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5 Questions Every Practice Should Answer to Assess its Clinical Governance and CQC Readiness.

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You may remember a few weeks ago we examined the six signs of good governance in the GP practice. In that article we briefly touched on clinical governance when we highlighted the process of a clinical audit. In this article, we look at the five questions a practice needs to answer when assessing its performance in clinical governance.

1.What are the key functions of clinical governance?

If you think of clinical governance as a frame-worked approach to ensure that standards of patient care are not only maintained but improved, then it can be seen that there are four distinct areas that the governance will cover:

-The clinical audit

-Leadership

-Evidence based practice

-Sharing of best practice, ideas, and innovation to improve clinical performance

As with practice governance, clinical governance should be led by senior members of the practice but should engage all employees.

2.How do you ensure good clinical governance?

There are four key elements that will qualify good clinical governance:

1) Senior members of staff understand their roles and responsibility to aid the improvement of the quality of care provided to patients

2) Systems and procedures are in place to gather information about care and treatment given, and to monitor that care and treatment. The information that will be monitored will include patient assessments, diagnosis, referrals, and the management of patients with long-term and chronic conditions

3) Activities are in place to support the improvement of clinical care (this includes clinical audits). These activities should be thoughtfully designed and involve all relevant employees

4) The practice should also involve itself in local activities, such as audits, service reviews, and service accreditation

3.What does the CQC look for during inspections?

The CQC will look for evidence that a GP practice is competent across the four areas of clinical governance and that its governance framework supports the four key elements of clinical governance. You can expect that the CQC will want to see evidence that:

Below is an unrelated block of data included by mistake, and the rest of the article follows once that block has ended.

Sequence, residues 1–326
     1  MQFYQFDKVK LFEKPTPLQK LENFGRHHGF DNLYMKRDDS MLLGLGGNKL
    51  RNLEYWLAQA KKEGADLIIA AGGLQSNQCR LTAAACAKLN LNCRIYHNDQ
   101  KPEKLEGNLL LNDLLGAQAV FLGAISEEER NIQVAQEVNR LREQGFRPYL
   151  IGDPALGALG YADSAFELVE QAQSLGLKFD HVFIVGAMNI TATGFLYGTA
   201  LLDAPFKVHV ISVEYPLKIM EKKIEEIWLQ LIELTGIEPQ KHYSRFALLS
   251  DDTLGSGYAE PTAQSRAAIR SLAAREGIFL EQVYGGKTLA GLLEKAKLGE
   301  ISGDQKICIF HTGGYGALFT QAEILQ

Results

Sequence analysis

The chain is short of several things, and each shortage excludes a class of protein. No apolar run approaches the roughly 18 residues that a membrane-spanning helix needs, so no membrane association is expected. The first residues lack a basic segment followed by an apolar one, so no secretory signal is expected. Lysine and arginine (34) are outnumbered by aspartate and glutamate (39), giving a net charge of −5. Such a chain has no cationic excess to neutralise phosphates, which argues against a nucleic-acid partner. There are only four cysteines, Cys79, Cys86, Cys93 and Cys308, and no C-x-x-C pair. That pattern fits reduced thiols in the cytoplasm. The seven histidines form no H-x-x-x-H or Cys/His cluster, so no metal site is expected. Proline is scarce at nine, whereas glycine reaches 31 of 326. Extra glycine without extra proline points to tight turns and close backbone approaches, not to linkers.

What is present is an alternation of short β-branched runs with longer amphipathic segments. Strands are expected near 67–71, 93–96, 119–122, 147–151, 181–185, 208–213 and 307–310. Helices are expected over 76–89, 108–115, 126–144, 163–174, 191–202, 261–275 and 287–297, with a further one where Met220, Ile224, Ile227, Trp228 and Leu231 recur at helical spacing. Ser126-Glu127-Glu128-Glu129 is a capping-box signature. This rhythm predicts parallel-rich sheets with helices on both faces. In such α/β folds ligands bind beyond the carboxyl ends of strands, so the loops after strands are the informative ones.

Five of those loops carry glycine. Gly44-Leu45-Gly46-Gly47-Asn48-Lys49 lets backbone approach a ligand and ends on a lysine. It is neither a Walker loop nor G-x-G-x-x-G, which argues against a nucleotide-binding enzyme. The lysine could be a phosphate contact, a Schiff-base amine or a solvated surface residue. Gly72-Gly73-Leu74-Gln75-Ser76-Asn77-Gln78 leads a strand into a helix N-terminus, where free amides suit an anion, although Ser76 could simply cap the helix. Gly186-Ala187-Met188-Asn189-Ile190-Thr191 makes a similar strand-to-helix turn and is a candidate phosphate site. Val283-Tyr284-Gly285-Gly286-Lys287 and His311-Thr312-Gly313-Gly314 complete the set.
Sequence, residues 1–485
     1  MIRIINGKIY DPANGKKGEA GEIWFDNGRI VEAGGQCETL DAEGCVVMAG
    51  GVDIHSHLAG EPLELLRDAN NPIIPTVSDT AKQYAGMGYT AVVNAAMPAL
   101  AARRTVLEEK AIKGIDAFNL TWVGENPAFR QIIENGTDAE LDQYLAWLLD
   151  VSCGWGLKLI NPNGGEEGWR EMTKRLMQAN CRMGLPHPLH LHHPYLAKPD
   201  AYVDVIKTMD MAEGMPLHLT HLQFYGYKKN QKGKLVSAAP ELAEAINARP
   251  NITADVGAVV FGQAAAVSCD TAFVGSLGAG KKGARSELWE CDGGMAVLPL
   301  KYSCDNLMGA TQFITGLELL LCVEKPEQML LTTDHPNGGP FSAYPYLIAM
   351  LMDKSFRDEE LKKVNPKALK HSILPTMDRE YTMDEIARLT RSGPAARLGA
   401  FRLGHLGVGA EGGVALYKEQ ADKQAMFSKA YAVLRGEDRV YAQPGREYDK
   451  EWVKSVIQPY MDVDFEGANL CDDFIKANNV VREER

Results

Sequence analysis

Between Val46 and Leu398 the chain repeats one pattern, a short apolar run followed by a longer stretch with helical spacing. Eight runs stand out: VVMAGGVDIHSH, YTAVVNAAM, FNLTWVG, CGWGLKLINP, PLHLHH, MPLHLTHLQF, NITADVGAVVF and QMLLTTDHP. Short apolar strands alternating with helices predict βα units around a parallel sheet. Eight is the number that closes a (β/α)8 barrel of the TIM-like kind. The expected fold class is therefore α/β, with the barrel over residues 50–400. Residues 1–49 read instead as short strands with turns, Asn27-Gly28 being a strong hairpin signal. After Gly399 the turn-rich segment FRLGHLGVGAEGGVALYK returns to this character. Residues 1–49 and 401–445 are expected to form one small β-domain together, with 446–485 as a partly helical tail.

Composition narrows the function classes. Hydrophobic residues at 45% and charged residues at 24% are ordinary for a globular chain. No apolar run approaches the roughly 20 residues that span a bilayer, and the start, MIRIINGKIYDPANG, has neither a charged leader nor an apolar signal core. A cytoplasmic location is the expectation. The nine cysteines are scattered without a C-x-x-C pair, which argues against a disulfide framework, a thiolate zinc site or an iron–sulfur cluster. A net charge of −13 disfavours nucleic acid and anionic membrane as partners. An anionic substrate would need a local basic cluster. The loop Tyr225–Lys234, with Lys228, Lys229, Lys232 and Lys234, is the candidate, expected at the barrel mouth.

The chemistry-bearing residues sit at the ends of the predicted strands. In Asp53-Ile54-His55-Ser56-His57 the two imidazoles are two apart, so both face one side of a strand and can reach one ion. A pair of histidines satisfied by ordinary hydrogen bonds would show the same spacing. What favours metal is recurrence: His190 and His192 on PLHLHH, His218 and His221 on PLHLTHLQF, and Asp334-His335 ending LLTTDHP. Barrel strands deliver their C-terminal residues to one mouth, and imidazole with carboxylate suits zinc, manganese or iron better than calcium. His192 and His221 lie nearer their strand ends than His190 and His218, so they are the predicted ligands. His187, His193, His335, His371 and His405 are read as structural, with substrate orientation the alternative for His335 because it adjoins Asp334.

-Information about clinical activities is accurate and up-to-date, and that it is presented in a way that allows staff to understand its relevance and use

-There are procedures and processes in place that enables this information to be used to improve patient care and treatment

-Improvement in outcomes is both measured and monitored, and shows that intended outcomes are being achieved

-Clinical audits are carried out

-The practice is involved in local audits and national benchmarking, as well as accreditation and peer reviews

-All information gathered at the practice, local, and national level is used to improve performance

The CQC will expect to see evidence that all relevant members of staff are involved in the processes of clinical improvement.

4.Information is power: what clinical information should you be monitoring?

The CQC considers that the collection, monitoring, and understanding of clinical information is the number one key element to ensure improvement of clinical services. The type of information that you will need to use includes (but is not limited to):

-Unexpected deaths

-New cancers and other life changing diagnoses

-Significant events

-Patient complaints

-Monitoring and adoption of best practice, eg NICE guidance and medicines alerts

-Patient feedback (both positive and negative) and survey results

-Prescribing performance

-QoF and Enhanced Service performance data

-Clinical audits findings

-Education and learning, and sharing learning within the practice

5.Is your practice well led?

In order for the clinical governance framework to be effective, a GP practice will need to be well-led. Policies and procedures should ensure that all roles and responsibilities are identified and understood, and the CQC will inspect for evidence that practice leadership takes a holistic approach to performance and understanding. The views of people should be integrated with safety and quality information, while systems are in place to impel the actions required to improve performance.

Download our one page resource on ‘five leadership qualities the CQC wants to see in your practice’ as a starting point to ensure your leadership empowers clinical governance in the practice.

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